(Topic ID: 261181)

Constructing a 3-pin "Addition"

By ReadyPO

4 years ago


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  • 24 posts
  • 6 Pinsiders participating
  • Latest reply 4 years ago by ReadyPO
  • Topic is favorited by 2 Pinsiders

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    #1 4 years ago

    I’ve followed along on several large gameroom projects here on pinside, either new construction or additions (MT45, Spyderturbo007, CaptainNeo, RyanClaytor, Yelobird, Chosen_S, king-pin and others) and I hope one of those large projects is in my near future. For now, though, my full time and my part-time National Guard job preclude me from tackling anything too big, and my adversity of hiring it out means any improvement takes a long time from start to finish.

    However, the fact remains that I do not have enough space for the number of pins I have. Most are in the basement, but I had (and still have) several in the garage. Even though the garage is insulated, it is still not the ideal place and I keep the back glasses in a climate controlled space. So, I have continuously rearranged the basement to accommodate as many pins as possible, while keeping the windowed sun room area relatively pin free, a prerequisite of my wife and preferable for the obvious UV issues.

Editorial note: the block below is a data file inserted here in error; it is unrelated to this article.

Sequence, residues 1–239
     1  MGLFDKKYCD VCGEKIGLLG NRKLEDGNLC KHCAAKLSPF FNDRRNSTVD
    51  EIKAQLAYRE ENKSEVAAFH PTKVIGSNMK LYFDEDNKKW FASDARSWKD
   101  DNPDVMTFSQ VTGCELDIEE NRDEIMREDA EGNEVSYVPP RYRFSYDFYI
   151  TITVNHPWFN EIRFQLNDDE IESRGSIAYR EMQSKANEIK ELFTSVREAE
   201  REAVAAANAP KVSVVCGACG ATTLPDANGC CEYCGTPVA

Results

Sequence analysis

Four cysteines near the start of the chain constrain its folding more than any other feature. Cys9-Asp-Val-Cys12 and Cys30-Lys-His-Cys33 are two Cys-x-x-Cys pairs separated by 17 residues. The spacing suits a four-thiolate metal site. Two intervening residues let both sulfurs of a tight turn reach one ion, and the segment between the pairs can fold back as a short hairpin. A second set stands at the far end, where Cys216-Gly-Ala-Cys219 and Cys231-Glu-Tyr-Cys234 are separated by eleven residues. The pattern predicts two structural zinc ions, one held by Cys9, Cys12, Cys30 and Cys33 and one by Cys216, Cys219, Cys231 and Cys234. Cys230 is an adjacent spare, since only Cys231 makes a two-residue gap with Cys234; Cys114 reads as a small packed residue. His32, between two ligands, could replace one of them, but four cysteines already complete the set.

The basement is finished (a previous project now about seven years old), and it is broken into distinct rooms based on an addition to the house (it was a lake cottage when we moved in, we added a great room and a second story, the great room came with additional basement space). There is a crawl space around 450 square feet. I loved Yelobird’s excavated game room addition and this is on my radar as a possibility). We have also considered a fairly large basement addition that would also enlarge the kitchen upstairs.

    This project, however, was designed to allow for three more pins by removing closet storage (partially replacing it with another closet). Additionally, it removed a drafty walkout sliding door (there is a new sliding door around the corner) and replaced it with two windows. This allowed me to “temporarily” place a pin in front of the window, which has grown to two “temporary pins” for the time being, until the next project …

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    #2 4 years ago

    The plans below show both the existing space, and the planned reconfigured space. The space originally allowed for seven pins, four along one wall and three in front of a closet that will be removed as part of a future project. I broke the project into two parts. The first part of this project was to remove the existing sliding glass door, and replace it with two windows. The second part removes the three closets in the corner of the kitchenette area, relocate some utilities and builds a new closet with a pocket door.

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    #3 4 years ago

    You have pins in every room, except the kitchen, and what to change that?

    #4 4 years ago
    Quoted from mgpasman:

    You have pins in every room, except the kitchen, and what to change that?